Laboratory refrigerated and ultralow temperature storage manufacturers could be in a tight spot thanks to a proposed U.S. Environmental Protection Agency (EPA) rule banning certain refrigerants and foam blowing agents from being used in laboratory equipment in order to limit substances said to cause global warming. The rule, part of the Clean Air Act’s Significant New Alternatives Policy (SNAP) program, would impact cold storage in a variety of other industries including the grocery, home fridge and freezer, and vending machine industries.
The proposed rule would only affect newly-manufactured products imported or exported after the implementation date, however, so lab managers would not have to replace the older refrigerated equipment in their labs.
“We’re just concerned that if you have delays and confusion on the import and export guidelines relating to two different deadlines, it’s going to impact crucial scientific and medical research and nobody wants to see that happen.”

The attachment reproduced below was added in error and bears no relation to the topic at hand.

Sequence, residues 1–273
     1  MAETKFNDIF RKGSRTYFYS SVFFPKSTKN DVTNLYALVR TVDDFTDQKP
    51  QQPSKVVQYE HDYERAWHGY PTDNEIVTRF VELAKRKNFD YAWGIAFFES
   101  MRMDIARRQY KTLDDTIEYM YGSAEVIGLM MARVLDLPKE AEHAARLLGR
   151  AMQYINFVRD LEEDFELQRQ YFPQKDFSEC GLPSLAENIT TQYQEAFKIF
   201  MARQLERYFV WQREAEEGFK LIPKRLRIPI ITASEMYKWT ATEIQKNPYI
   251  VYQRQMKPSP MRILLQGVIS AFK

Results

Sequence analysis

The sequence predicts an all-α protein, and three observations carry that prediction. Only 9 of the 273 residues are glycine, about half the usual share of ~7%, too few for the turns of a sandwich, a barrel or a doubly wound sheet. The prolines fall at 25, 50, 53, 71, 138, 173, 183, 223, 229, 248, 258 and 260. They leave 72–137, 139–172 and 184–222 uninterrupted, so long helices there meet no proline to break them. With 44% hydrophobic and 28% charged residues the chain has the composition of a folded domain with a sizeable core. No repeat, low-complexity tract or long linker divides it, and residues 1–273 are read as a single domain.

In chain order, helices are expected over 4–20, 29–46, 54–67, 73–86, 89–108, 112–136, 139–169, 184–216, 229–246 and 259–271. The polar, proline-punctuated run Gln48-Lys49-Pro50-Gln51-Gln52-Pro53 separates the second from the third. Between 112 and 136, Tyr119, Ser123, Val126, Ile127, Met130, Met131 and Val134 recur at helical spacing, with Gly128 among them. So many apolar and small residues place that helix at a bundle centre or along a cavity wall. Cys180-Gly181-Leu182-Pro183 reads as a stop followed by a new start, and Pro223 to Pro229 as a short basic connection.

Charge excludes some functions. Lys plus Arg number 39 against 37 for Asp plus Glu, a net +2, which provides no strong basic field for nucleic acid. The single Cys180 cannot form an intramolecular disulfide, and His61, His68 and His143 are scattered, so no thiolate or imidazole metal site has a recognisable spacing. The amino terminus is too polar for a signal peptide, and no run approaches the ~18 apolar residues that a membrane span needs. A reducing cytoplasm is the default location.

While refrigerated lab product manufacturers support being more environmentally friendly, they need more time to meet the new regulations, according to Clark Mulligan, president of the Laboratory Products Association (LPA). The current deadline, which would be either January 1, 2016 for refrigerants or 2017 for blowing agents, isn’t an ideal timeframe for the lab industry to find viable replacements for the insulation and hydrofluorocarbon (HFC) refrigerants that will be banned, Mulligan explained.
“We would like to see the deadline pushed back,” Mulligan said. “For example, a lot of the equipment that our members make are considered medical devices and they’re approved by the FDA (U.S. Food and Drug Administration). If you have to go through and reengineer or redesign these products to accommodate new foam blowing agents and new coolants, you have to go through a re-approval process with the FDA.”